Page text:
Zoo curator Adonis Balas feeds three giraffes at the Attica Zoological Park in Spata, near Athens, on Tuesday, Jan. 26, 2021. (AP Photo/Petros Giannakouris)
ΑTHENS (AP) — It's feeding time at Greece's only zoo, and a capuchin monkey grabs as many mandarins as it can — even tucking one into his long, supple tail. It might be wise to stock up.
After being closed for almost three months due to COVID-19, the zoo on the fringes of Athens could be on the road to extinction: With no paying visitors or — unlike other European zoos — enough government aid to cover its very particular needs, the Attica Zoological Park faces huge bills to keep 2,000 animals well-fed and healthy.
“As things are … we still can go on for at least one month,” zoo founder and CEO Jean Jacques Lesueur said. “After that, we don’t know.”
Unlike some businesses forced to temporarily close due to virus-control restrictions, the zoo continues to have sizeable operating expenses. Between food, salaries, utilities, medical care and other expenses, the cost of caring for the animals currently exceeds 200,000 euros ($243,000) per month.
“That’s the difference between us and other companies: When they close they close. We close, but we don’t close,” Lesueur told The Associated Press.
A Sumatran tiger of licks it s lips as it lays down in the Attica Zoological Park in Spata, near Athens, on Tuesday Jan. 26, 2021.AP Photo/Petros Giannakouris)
Founded in 2000 and located in the town of Spata, the zoo occupies 20 hectares (50 acres) and is home to 290 species, from elephants to prairie dogs. It's involved in education, conservation and breeding, and belongs to the European Association of Zoos and Aquaria, which has about 400 members.
Having to close again on Nov. 7 after Greece's two-month spring lockdown came at a bad time for Attica Zoological Park. The zoo normally operates year-round but does a lot of its business during cooler weather "because in Greece people go to the beaches, to the islands, they don’t visit zoos” in the summer, the French-born Lesueur said.
Visitors account for more than 99% of its revenue, from tickets, food and beverages and gift shop sales. So every month’s revenue counts, and the loss of December, usually busy due to the Christmas holidays, was particularly heavy.
So far, suppliers have shown understanding and are accepting credit. Two-thirds of the zoo's staff is on state-supported furlough, and an expected installment of state aid will take care of this month's pay for the rest, the CEO said.
Parrots cling to an iron fence in the Attica Zoological Park in Spata, near Athens, on Thursday Jan. 21, 2021. (AP Photo/Petros Giannakouris)
The zoo also has sold 5,000 advance tickets at reduced prices for when the lockdown ends, and Lesueur says that helped pay December's salaries.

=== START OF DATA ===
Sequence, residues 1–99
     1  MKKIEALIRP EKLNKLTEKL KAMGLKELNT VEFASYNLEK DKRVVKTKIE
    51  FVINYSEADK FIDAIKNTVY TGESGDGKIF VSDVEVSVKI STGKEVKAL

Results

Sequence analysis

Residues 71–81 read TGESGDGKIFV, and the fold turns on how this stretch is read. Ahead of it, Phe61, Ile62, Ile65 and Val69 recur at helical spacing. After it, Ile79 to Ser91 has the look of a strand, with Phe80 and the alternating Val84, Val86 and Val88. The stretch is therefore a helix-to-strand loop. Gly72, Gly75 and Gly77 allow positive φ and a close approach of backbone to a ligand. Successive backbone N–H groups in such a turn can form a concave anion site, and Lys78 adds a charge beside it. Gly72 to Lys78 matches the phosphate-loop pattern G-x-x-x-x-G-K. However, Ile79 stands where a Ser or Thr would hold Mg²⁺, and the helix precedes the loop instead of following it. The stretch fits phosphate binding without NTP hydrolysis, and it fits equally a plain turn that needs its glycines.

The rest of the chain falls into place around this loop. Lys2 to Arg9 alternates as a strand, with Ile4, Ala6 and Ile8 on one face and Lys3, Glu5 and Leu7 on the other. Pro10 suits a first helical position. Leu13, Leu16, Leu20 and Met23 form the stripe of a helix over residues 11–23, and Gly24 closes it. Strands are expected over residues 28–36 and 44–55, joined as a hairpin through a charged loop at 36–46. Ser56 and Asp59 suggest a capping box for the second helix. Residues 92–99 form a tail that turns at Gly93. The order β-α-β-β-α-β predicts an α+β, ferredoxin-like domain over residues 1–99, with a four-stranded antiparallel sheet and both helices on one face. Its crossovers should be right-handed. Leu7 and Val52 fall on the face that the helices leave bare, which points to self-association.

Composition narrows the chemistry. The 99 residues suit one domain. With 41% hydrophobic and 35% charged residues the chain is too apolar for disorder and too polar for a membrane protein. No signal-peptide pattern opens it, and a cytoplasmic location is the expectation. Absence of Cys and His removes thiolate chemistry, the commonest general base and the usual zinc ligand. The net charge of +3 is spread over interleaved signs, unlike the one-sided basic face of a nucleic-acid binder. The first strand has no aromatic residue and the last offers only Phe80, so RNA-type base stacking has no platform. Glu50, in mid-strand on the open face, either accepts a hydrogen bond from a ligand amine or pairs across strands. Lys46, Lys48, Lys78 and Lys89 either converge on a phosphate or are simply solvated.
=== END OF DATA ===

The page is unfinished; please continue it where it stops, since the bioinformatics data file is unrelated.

Lockdown also affects the zoo's residents, accustomed as they are to crowds of humans. For nearly three months, they've only been seeing their keepers. So the tables were turned when an AP journalist visited last week: Several curious animals and birds came close for a good look.
“Animals miss visitors, because it’s part of their life,” Lesueur said. “All the animals you see (here) are born in other zoos. So they are used to people.”
Greece has registered about 150,000 confirmed COVID-19 infections so far and some 5,800 deaths in the pandemic. After peaking above 3,300 in November, the number of new daily cases is holding in the triple digits.
An elephant breaks off a twig with it s trunk in the Attica Zoological Park in Spata, near Athens, on Tuesday, Jan. 26, 2021. (AP Photo/Petros Giannakouris)
Nevertheless, the greater Athens region remains the country's worst-hit area and authorities said Friday they will reimpose tougher lockdown restrictions there after a January decline in infection rates was reversed this week.
Overall, Lesueur says he's optimistic that the zoo will get clearance to reopen in coming weeks.
“Except if the COVID (situation) gets worse. That’s another story,” he said. “Now if we are closed for another two months or three months, I really don’t know what is going to happen.”
By NICHOLAS PAPHITIS Associated Press
Zoo curator Adonis Balas feeds macaques at the Attica Zoological Park in Spata, near Athens, on Saturday, Jan. 23, 2021. (AP Photo/Petros Giannakouris)
Two rhinos walk in their enclosure in the Attica Zoological Park in Spata, near Athens, on Tuesday, Jan. 26, 2021. (AP Photo/Petros Giannakouris)
KARDITSA, Greece - Months after investigations were started into the issuance of false COVID-19 documents, an administrative employee and a nurse at a health center in Greece's northern city of Karditsa were fired, the Health Ministry said.
BOSTON – The Holy Synod of the Patriarchate of Alexandria in its recent meeting dealt with the ecclesiastical coup perpetrated by the Patriarchate of Moscow in its canonical jurisdiction, calling it an “immoral invasion and intrusion.
NEW YORK - Some 21 years after it was destroyed in the September 11, 2001 terrorist attacks in the United States that brought down the Twin Towers in New York City, the new St Nicholas Greek Orthodox Church rising in its place is among the most eagerly awaited architectural openings of 2022.
STATEN ISLAND, NY – For yet another year, the community of Holy Trinity-St Nicholas in Staten Island honored couples celebrating 50+ years of marriage with a modest ceremony held at the church immediately following the Divine Liturgy on January 16.
Have an idea for a story, or know of an event we should cover? We want to hear about it!
The National Herald is the paper of record of the Greek Diaspora community. Through independent journalism, we bring news to generations of Greek-Americans, with stories on the individual, community and international level. Visit and support our 106 year-old sister publication Εθνικός Κήρυξ.
You’re reading 1 of 3 free articles this month. Get unlimited access to The National Herald. or Log In